Man holding his penis in 10,000-year-old carving is the world's oldest narrative trends now
Ancient carvings featuring five figures, including a man holding his penis, tell a tale of man versus beast in the world's oldest narrative.
A 10,000-year-old stone slab on a wall unearthed in Turkey shows two males and three animals engaging in separate but related 'scenes.'
The etchings depict a story of two men being attacked by animals, with both engaged in some self-defense position against attacks from leopards and bull.
The discovery was made by archaeologists from Istanbul University, who uncovered the menacing tale within the ruins of a Neolithic building found beneath a modern village.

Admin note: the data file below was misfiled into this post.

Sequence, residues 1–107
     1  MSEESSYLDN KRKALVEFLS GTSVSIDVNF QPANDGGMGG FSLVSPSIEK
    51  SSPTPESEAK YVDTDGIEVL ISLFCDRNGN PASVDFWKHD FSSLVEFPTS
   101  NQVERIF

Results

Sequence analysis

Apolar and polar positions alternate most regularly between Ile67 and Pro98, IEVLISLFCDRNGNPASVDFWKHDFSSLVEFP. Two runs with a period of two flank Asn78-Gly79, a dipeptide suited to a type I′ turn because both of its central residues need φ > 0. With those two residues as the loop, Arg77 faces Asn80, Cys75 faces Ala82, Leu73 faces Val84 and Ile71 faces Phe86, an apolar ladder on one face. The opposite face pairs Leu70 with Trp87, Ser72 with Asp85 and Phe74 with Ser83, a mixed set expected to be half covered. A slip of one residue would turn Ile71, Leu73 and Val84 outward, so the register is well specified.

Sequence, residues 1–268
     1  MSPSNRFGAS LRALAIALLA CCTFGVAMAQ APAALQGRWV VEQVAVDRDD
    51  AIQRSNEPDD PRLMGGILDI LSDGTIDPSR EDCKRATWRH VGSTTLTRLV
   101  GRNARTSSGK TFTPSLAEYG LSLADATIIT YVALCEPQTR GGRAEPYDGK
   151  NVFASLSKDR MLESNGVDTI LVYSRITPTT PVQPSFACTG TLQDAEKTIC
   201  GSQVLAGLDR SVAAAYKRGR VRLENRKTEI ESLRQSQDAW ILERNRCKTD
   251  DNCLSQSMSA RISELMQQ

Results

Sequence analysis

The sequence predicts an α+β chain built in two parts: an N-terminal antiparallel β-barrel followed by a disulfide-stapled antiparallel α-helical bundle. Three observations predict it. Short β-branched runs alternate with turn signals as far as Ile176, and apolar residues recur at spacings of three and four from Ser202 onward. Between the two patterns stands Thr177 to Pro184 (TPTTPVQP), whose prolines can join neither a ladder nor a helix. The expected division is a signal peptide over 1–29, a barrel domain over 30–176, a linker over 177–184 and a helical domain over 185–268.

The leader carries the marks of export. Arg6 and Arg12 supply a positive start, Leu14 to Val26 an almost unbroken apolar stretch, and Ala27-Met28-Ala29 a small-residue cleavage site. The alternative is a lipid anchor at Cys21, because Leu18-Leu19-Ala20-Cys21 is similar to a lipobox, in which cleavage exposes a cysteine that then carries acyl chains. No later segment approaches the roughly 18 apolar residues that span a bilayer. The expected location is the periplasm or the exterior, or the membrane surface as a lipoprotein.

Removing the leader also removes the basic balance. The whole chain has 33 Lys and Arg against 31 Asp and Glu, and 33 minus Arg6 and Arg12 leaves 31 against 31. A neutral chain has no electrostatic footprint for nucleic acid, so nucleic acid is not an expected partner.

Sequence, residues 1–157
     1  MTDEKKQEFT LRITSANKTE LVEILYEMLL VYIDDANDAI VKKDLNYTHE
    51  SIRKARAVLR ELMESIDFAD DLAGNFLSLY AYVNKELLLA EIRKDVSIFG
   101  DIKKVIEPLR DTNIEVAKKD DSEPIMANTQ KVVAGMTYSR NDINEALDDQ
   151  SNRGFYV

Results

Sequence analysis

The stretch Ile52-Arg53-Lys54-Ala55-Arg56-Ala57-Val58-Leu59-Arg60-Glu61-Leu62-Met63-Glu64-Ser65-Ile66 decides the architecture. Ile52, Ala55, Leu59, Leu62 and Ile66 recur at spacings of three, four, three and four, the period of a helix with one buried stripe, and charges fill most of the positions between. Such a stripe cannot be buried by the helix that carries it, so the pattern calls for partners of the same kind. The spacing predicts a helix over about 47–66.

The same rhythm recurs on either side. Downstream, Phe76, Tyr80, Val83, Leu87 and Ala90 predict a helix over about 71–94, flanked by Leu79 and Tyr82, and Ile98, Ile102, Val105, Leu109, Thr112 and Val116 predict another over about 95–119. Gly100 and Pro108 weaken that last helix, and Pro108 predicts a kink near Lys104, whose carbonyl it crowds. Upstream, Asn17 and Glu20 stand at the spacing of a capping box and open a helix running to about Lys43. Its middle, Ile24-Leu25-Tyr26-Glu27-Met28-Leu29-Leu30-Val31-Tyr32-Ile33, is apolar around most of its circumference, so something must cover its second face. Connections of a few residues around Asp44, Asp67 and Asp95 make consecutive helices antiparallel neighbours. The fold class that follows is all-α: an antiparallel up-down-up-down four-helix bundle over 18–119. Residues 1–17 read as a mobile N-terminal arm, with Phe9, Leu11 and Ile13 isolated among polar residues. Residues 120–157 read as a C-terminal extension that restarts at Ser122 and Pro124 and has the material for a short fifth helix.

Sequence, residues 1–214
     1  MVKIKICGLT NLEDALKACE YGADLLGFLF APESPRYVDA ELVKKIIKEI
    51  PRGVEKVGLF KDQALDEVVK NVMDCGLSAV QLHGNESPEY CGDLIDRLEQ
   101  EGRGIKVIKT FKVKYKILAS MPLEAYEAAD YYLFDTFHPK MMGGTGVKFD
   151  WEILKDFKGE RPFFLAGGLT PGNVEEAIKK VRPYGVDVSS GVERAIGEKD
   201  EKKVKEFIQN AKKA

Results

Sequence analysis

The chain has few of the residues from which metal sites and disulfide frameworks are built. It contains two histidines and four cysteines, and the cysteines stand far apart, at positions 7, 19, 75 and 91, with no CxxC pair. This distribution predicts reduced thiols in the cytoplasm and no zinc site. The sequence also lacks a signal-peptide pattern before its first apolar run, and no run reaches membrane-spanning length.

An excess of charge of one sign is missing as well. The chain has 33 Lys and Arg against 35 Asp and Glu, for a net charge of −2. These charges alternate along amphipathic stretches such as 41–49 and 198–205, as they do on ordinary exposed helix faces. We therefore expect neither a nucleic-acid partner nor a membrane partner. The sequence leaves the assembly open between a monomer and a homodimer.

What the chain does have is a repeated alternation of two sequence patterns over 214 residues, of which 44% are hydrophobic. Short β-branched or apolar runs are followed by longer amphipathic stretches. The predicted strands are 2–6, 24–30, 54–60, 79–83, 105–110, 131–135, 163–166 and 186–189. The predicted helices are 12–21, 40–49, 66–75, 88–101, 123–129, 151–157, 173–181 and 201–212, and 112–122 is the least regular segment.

Not only is this the oldest of its kind, but the study notes the carvings 'reflect the complex relationship between humans, the natural world and the animal life that surrounded them during the transition to a sedentary lifestyle.'
The carvings feature two men, one of which is holding his genitals with leopards on each side
Archaeologist Dr Eylem Özdoğan, from Istanbul University, said in a statement: 'These figures, engraved together to depict a narrative, are the first known examples of such a holistic scene.
'This was a picture of the stories that formed the ideology of the people of that period.'
Archaeologists have been working in the Turkish village of Sayburç since 2021, pulling away layers of dirt to reveal ancient Neolithic secrets.
This work uncovered two communal and a set of residential buildings about 230 feet apart.
Archaeologists believe the image shows the man defending himself by protecting his genitals
The leopard's mouths are open, the teeth visible and the long tails are curled towards the body
The excavations revealed the site was inhabited during the Neolithic, in